According to official correspondences provided by witnesses, besides Berberian, the other judges were Msgr. Michael Fitzgerald, who heads the church court system for the Archdiocese of Philadelphia, and the Rev. John Donovan of the Diocese of Syracuse, where he once served as vocations director. All are canon lawyers.

They sat on one side of a large, rectangular conference table. On the other side: 15 or 16 witnesses who appeared separately and never saw each other. Those included people who went to school with Tollner, at least one other man who said he had been assaulted by Placa - and Placa. To the witnesses' left was the "promoter of justice," the Rev. James Donlon, head of the Office of Canonical Services for the Diocese of Albany.

To the right was the advocate, Charles Renati, an attorney from California specializing in canon law who has defended other priests in sex abuse cases. A stenographer sat in a corner.

Detailing his testimony

Tollner, now a mortgage broker in the Albany area, said the morning of his testimony began with "sweet talk" from the judges to break the ice. Then they asked him to tell his story.

He said he began by recounting an incident in January 1975 at the now-defunct St. Pius X Preparatory Seminary in Uniondale. He said school was closed, and he and other students were making signs in the gymnasium for an upcoming Right to Life march. Placa came in and suggested he follow him down several hallways to the deserted administration offices. There, Tollner said he told the judges, Placa fondled him.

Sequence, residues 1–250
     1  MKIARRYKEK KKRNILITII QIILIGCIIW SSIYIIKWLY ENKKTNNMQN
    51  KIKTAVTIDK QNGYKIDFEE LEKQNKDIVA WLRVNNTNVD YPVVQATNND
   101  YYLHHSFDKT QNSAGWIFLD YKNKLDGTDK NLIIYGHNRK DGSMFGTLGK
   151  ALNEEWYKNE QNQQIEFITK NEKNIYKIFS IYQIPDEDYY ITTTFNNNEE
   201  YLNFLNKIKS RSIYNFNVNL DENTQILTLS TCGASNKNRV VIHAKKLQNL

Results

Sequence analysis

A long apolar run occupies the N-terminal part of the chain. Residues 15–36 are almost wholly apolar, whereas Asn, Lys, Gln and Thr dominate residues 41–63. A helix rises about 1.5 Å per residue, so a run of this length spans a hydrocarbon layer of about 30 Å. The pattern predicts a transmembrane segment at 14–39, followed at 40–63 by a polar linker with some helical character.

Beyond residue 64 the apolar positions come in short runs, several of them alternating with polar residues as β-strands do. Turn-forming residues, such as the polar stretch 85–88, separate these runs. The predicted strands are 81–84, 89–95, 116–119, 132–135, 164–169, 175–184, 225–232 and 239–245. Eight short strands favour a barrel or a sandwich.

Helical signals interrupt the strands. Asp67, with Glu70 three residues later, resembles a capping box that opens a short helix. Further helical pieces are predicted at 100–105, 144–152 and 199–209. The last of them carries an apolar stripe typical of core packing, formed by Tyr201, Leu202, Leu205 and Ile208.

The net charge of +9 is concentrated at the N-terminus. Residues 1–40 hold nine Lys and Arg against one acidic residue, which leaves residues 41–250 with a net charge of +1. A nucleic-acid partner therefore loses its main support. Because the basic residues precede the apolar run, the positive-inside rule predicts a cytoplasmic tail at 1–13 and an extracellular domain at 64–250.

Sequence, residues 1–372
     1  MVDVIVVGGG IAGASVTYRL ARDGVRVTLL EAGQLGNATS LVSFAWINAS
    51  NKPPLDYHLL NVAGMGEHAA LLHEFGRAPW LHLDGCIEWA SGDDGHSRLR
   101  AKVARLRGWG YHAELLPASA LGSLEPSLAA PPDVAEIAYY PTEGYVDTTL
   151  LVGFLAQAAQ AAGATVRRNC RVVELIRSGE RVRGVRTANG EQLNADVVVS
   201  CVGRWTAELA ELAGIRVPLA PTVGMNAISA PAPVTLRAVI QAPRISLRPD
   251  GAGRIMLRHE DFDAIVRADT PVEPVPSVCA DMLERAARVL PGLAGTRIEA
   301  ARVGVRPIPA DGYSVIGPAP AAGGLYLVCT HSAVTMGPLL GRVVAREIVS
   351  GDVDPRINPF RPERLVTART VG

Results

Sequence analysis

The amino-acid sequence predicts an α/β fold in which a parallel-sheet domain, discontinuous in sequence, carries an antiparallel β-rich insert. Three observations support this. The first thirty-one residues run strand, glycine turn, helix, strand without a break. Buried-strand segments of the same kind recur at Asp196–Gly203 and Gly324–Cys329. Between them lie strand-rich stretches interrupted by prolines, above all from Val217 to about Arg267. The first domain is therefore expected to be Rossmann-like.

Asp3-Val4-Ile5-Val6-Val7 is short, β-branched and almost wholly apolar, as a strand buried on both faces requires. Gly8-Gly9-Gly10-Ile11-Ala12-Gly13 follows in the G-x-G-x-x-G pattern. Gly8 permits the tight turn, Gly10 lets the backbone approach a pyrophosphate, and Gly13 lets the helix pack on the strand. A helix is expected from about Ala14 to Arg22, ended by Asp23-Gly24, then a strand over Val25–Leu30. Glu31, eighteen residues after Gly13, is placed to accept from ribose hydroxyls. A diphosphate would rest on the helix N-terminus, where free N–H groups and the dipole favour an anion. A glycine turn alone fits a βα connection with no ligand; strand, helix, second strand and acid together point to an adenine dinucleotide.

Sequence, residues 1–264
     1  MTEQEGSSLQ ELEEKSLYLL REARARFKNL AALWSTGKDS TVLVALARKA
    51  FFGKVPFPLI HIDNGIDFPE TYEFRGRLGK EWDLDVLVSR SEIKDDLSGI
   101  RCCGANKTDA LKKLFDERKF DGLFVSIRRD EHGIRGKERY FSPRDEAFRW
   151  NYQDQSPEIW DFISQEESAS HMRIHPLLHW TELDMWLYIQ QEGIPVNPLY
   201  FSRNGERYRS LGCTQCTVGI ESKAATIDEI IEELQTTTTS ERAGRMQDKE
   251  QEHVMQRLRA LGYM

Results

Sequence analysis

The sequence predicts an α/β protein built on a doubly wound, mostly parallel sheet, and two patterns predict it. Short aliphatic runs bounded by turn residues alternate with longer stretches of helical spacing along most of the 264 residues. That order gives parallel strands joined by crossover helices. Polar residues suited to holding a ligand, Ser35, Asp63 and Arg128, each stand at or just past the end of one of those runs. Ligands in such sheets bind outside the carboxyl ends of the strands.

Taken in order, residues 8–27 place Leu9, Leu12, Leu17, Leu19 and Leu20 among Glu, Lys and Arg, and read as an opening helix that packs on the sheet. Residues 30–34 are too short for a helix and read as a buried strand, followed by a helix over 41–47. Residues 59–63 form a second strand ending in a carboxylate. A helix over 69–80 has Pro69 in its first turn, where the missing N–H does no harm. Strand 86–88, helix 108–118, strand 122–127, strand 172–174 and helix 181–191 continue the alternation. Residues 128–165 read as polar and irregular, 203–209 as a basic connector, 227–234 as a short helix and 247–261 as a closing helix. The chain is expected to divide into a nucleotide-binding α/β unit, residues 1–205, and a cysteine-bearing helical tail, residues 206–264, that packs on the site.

He went on to recount other allegations of sexual molestation in Placa's office that were also detailed in a 2003 Suffolk County grand jury report on priest sex abuse in the Diocese of Rockville Centre.

Placa could not be reached for comment about his testimony and has declined interview requests. In the past, he has questioned Tollner's credibility. In an interview in 2002, he described Tollner as "a troubled kid, very emotional, who would fly off the handle easily."

Tollner said the judges questioned him on specifics of the school's layout. At one point, they produced a blueprint to check his answers. He says they told him he was right about the school's layout.

Berberian, the lead judge, would not comment on specifics of what was said. However, he cited contradictions among those testifying on Tollner's behalf and said some people important to the case did not offer testimony.

Renati, Placa's defense attorney, also questioned Tollner. He asked if he was sure he didn't provoke any behavior by Placa, Tollner said.

Tollner's brother, James, 53, of Nashua, N.H., said he had a similar experience when he testified. He said he told the judges Richard had told him of the alleged abuse around the time it allegedly occurred. "They were asking questions like, 'Why didn't your mom do anything about this?' What I told them was my father died unexpectedly of a heart attack [around the same time.]"

He added: "It was almost like they were trying to blame us that we didn't bring it up in the past."

Richard Tollner said he walked out of the tribunal exhausted. Outside, he sat in his car for about 15 minutes to gather himself. A car horn went off and "brought me back to life around me," and he drove off.

Berberian, the head judge, said he was also wearied by the trial - a complex proceeding made more stressful because the stakes were high for the church. "We get scared when these trials come up," he said. "This was the worst experience of my life."